Musing: Inspiration in Strange Places

Adventure’s waitin’ just ahead!

Back in 2008 (Wow where does the time go?) I saw a movie I expected to be bad but watched it anyway.   And I was pleasantly surprised to find it really impressed me.   Ok, I’ll be honest.   Speed Racer isn’t exactly Oscar material and it firmly deserves the ‘popcorn movie’ stamp firmly placed on its forehead.  But you know what?   That’s OK, the movie makes it work.

Going way back to when I was a little sprout.  I can remember sneaking out of bed to snap on the T.V.  That was when I first saw Speed Racer on late night re-runs.   It was my first exposure to Japanese animation and I thoroughly enjoyed it.  It wasn’t until nearly a decade later in high school that I started watching more of it.   I had stayed firmly off the Dragonball bandwagon and was eventually lured in by Rumiko Takahasi’s Ranma ½.

One thing I love about this movie, is that it was made by two of the biggest dorks in the industry.  (I say this endearingly)  This movie was made to tribute Speed Racer and what makes (older) Anime quirky and fun without making fun of it.  Compare this to the 2002 Scooby Doo Movie that did nothing but over analyze the crappiness of the original show.  Or the 1995 Brady Bunch Movie, it was a fish out of water story an awkward one at that.  Speed Racer is exactly what it should be, the show if it had a stupidly large animation budget.

Popcorn! I need more Popcoooorn!

You have to respect the Wachowskis.  They had to go into this knowing they weren’t going to make a boat load of money on this.   They simply didn’t make the approach like they did with the Matrix.   But like the Matrix this movie has amazing visuals, even with special effect technologies skyrocketing.   It reminds me how I could always rely on Cedar Point (one of the best roller coaster parks in the world, 2 hours from my home town of Cleveland Ohio) to knock my socks off with a coaster that’s been around for well over a decade.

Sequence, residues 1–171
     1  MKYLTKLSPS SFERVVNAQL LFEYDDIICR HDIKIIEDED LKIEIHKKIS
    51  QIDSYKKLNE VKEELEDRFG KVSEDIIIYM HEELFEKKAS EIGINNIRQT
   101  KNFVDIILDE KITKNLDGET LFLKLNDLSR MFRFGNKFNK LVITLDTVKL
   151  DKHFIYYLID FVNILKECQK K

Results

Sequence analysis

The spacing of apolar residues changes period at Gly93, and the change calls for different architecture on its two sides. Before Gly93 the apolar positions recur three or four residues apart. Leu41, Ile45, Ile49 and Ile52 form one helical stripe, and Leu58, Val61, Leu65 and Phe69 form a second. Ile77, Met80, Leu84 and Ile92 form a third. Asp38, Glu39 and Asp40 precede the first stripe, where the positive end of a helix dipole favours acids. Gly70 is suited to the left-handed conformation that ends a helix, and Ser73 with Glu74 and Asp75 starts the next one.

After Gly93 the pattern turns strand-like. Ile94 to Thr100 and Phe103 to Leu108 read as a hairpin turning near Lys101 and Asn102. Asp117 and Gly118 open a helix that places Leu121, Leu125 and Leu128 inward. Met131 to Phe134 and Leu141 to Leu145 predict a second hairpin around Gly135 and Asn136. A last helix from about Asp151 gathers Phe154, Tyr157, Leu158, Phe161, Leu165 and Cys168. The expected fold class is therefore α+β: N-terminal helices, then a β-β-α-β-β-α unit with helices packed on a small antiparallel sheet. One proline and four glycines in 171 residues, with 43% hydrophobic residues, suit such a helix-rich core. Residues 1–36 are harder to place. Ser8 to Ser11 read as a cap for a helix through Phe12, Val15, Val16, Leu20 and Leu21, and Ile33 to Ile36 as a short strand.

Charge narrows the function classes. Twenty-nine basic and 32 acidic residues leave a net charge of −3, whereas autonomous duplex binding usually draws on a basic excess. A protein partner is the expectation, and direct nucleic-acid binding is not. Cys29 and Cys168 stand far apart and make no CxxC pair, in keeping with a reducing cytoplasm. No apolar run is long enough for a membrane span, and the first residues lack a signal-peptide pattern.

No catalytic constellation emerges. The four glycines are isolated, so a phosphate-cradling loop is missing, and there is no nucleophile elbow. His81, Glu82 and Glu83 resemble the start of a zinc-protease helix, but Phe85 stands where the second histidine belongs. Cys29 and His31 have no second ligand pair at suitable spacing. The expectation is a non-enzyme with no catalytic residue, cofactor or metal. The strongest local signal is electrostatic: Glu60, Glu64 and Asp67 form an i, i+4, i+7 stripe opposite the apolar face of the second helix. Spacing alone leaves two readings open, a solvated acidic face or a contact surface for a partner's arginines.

Built in 2000 still the best coaster I’ve ever ridden. Millennium Force. I salute you.

Then, past that, you have the fact that it didn’t lose the spirit of the series.   Everything in this movie is amazingly colorful.   With live actors and some well-placed star power, the move still feels animated.   Spritle and Chim-Chim steal the show in that respect, reminding you how obnoxious little brothers can be, but they can save the day too.  I can’t say it’s a good role model for kids though, an overweight delinquent that hides in the trunk of a racecar?   Sure why not.

Pretty much the entire reason to show your kids this movie. Exhibit A and B.

Villain wise, Cruncher Block, Snake Oiler and Royalton pretty much nailed how Speed Racer looked at bad guys in the three kinds of flavors: the mobster willing to break legs for his paycheck, the douchebag driver that does anything to win and the non-combatant overlord.  One thing I will say about the underlings of said villains is that they looked like they really enjoyed their jobs.   The sneer over the steering wheels of the drivers in the cross country race just channeled the series and its campiness perfectly.  Royalton’s transformation from too good to be true to the devil himself is pretty great too.  Gotta love villains with good PR.